SoftLayer customers have deployed vSphere and vCenter on the SoftLayer cloud for some time. From personal experience, the most frequently requested additional capabilities are:

  • Ability to deploy “other” VMware components (like SRM for disaster recovery or NSX to take advantage of software-defined networking)
  • Make it cheaper and easier to deploy

VMware products available to order in the SoftLayer customer portal

Figure 2: VMware products available to order in the SoftLayer customer portal

IBM and VMware responded by introducing the following on SoftLayer:

  • New, socket-based licensing for $85 per socket per month for Enterprise Plus (includes subscription and service)
  • Selection from the “full SDDC” portfolio, including:
    • Virtual SAN Standard and Advanced
    • NSX Enterprise (software-defined networking)
    • Site Recovery Manager (DR)
    • vRealize Automation Enterprise (cloud automation)
    • VMware Integrated OpenStack (VIO)
    • vSphere E+ and vCenter Server (standard & appliance)
    • Coming soon: Horizon Suite (VDI), which was recently announced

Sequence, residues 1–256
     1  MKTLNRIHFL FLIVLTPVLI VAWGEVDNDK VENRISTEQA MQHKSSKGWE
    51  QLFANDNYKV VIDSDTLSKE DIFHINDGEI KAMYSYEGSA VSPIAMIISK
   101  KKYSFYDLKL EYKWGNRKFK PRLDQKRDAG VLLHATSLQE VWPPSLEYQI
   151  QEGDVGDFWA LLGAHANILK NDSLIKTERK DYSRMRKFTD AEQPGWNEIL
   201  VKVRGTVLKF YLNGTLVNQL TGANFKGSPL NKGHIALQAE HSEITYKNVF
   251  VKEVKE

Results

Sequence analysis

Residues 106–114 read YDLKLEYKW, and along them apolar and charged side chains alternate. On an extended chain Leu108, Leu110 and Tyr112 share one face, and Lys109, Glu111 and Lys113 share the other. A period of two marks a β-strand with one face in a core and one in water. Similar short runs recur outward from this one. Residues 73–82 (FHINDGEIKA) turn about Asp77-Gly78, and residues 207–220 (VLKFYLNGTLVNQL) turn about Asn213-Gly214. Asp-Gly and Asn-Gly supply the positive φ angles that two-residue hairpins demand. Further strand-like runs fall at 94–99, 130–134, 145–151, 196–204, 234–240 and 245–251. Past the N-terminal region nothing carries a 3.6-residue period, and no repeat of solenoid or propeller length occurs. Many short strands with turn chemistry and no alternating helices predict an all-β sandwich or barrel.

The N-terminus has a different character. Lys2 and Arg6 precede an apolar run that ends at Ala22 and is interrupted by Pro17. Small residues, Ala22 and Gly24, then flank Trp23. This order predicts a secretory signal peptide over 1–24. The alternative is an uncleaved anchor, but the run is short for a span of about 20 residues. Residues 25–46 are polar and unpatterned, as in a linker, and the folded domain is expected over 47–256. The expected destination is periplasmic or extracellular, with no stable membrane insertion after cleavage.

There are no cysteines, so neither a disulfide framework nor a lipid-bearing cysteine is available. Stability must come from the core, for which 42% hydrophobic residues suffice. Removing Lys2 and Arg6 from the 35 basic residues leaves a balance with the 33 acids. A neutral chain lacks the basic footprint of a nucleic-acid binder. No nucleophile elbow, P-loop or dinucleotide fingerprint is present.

How do I get started?

With the latest portfolio enhancements, several new assets were published (in conjunction with plans to provide automated deployments and additional services going forward). Here’s my top list:

Top Tips:

  • Get familiar with and use the certified reference design (sounds logical, but I can’t stress it enough)
  • Make sure you pick from the documented building blocks (ensures the use of certified components like the appropriate RAID controller for VSAN, and so on)
  • Keep in mind that SoftLayer is a “self-service” IaaS platform—make sure you involve a partner with good VMware skills or secure appropriate services for such a project, especially if it’s complex
  • Evaluate all SoftLayer options, e.g., “standard” virtual servers might be a better option for new, cloud-enabled workloads

     

-Andreas Groth

April 26, 2016

Cloud. Ready-to-Wear.

It’s been five years since I started my journey with SoftLayer. And what a journey it has been—from being one of the first few folks in our Amsterdam office, to becoming part of the mega-family of IBMers; from one data center in Europe to six on this side of the pond and 40+ around the globe; from “Who is SoftLayer?” (or my favorite, “SoftPlayer”), to becoming a cloud environment fundamental for some of the biggest and boldest organizations worldwide.